As a presiding elder he was a faithful and wise administrator, and as a pastor he went to every charge, whether it was a hard circuit or a station, without raising a question.

During the years of his retirement he was regularly in the services of the St. Andrews Church, until too feeble to attend. In this church his funeral service was conducted by the pastor - Dr. W. B. King, assisted by this writer, and interment was in Mount Olivet Cemetery".

Charles Richard Shackelford was an esteemed member of an honorable family, being descended from two very fine old southern families, who need not apologize to any one for their ancestry, and who are second to none.

He was blessed with Godly parents, and began life with the heritage of a good name. Throughout life the benign influence that emanated from this parental home served as a guiding star to direct his pathway.

Yielding to the urge to follow the colors of the Confederacy while yet in his teens, he served to the end of the war with that courage and fidelity to duty so characteristic of those who wore the gray. The struggle for southern independence having ended, he, along with others of his comrades in arms, settled in West Virginia to begin life anew.

With the country ravaged by war, provisions were scarce, prices high, and nothing to begin with but self-reliance and faith, he went to work.

Soon he married, built a home, reared a family of five sons and three daughters, each a credit to his name. In all relations of life he exerted a wholesome righteous and helpful influence upon all with whom he came in contact. Indeed he was a leader and teacher of men.

When he died the press said of him- -"He was a

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good man in whom purity of character, greatness of soul, kindness of heart, cleverness of head and readiness of hand, were so combined that all who knew him intimately love him, and all who were in any way associated with him- -admired him."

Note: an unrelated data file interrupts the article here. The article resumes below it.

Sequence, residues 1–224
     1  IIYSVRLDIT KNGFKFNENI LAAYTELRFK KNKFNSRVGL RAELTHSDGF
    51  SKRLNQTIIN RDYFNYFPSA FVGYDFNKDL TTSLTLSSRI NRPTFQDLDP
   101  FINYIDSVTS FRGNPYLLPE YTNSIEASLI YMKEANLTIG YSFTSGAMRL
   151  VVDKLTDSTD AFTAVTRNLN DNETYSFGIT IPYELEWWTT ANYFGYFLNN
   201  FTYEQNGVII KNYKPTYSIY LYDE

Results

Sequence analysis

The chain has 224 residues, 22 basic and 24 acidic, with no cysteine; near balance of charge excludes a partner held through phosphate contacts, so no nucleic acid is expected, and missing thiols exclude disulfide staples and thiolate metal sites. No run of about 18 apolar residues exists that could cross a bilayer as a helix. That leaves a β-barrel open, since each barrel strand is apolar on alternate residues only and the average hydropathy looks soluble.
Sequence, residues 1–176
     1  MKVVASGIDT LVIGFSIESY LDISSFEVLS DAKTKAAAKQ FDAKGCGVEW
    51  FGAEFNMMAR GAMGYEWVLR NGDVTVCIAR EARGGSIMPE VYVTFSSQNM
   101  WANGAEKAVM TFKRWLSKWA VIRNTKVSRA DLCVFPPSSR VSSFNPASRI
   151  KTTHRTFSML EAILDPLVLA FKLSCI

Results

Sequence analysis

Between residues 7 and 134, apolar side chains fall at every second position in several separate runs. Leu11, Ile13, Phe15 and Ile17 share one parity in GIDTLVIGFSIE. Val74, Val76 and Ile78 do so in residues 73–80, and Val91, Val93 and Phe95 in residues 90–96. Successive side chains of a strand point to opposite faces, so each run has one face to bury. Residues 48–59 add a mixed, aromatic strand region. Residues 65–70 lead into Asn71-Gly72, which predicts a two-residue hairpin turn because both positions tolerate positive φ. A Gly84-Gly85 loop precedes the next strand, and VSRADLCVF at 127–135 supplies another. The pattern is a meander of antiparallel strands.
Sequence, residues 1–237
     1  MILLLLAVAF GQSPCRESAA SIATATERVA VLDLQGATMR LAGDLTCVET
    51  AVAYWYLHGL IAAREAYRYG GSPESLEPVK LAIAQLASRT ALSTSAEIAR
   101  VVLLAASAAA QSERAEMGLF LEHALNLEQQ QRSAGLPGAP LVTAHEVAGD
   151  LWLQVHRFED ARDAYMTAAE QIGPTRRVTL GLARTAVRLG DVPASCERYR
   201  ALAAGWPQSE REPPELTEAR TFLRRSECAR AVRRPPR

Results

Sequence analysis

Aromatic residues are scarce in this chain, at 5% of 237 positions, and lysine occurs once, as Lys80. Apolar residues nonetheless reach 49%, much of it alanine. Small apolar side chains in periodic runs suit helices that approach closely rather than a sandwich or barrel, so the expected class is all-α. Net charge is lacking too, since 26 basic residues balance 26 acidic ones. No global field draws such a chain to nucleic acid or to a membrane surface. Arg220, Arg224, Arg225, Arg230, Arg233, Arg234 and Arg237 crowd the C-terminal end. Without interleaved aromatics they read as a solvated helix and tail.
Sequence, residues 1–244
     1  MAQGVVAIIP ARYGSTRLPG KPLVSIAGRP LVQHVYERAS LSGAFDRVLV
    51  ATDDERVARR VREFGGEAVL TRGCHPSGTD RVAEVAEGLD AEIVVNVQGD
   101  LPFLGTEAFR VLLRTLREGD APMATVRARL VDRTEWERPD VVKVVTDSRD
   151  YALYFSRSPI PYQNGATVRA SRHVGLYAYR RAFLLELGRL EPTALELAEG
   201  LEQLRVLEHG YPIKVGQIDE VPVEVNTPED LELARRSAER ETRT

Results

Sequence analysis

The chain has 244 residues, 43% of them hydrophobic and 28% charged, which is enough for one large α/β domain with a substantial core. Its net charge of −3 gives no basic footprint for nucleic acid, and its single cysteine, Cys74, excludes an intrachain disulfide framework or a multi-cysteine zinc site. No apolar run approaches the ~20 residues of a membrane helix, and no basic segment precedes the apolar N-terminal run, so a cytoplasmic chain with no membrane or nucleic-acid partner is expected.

He lived to a reasonable old age, having passed by six years the allotted three score and ten, and the feeling that he could not be spared in the community was general, and the sense of personal loss caused by his death was widespread, sincere and deep.

He was pure in mind, in word and in deed, without ostentation, he lived a life of purity, sobriety, honesty and reverence for holy things every day and every hour; and example that we would all do well to emulate.

Next month we shall give you a sketch of another honored member of the clan, and a minister of another denomination, and of an entirely different branch of the family.

And here we wish to mention something that we should have mentioned long ago. In the future we shall be happy to accept postage stamps, of the 3 cent variety, as subscription price for the magazine.

This month we are happy to welcome the following new Subscribers into the clan fold: Miss Irene Morgan of Tahlequah, Oklaholma; Dr. John A. Shackelford of Martinsville, Va.; Miss Margaret Chambers, of Fairbury, Nebraska; Mr. Marshall T. Shackelford, of Cisne, Ill; and Mrs G. O. Loving, of Americus, Ga., the latter being sent in by her son J. R. Buchannan, of Greenwood, Miss.; And also the following persons who have renewed their subscriptions; Mrs. W. M. Weir, of Salt Lake City, Utah; Mrs. H. H. Shackelford, of Newport News, Va.; Dr. J. Hinton Shackelford, of Baltimore, Maryland.

To all of whom we are indeed grateful, and again express our profound thanks. We do appreciate such splendid co-operation.


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"And suddenly there was with the angel a multitude of the heavenly host praising God, and saying - "Glory to God in the highest, and on earth peach, good will toward men"- -Luke 2:13-14.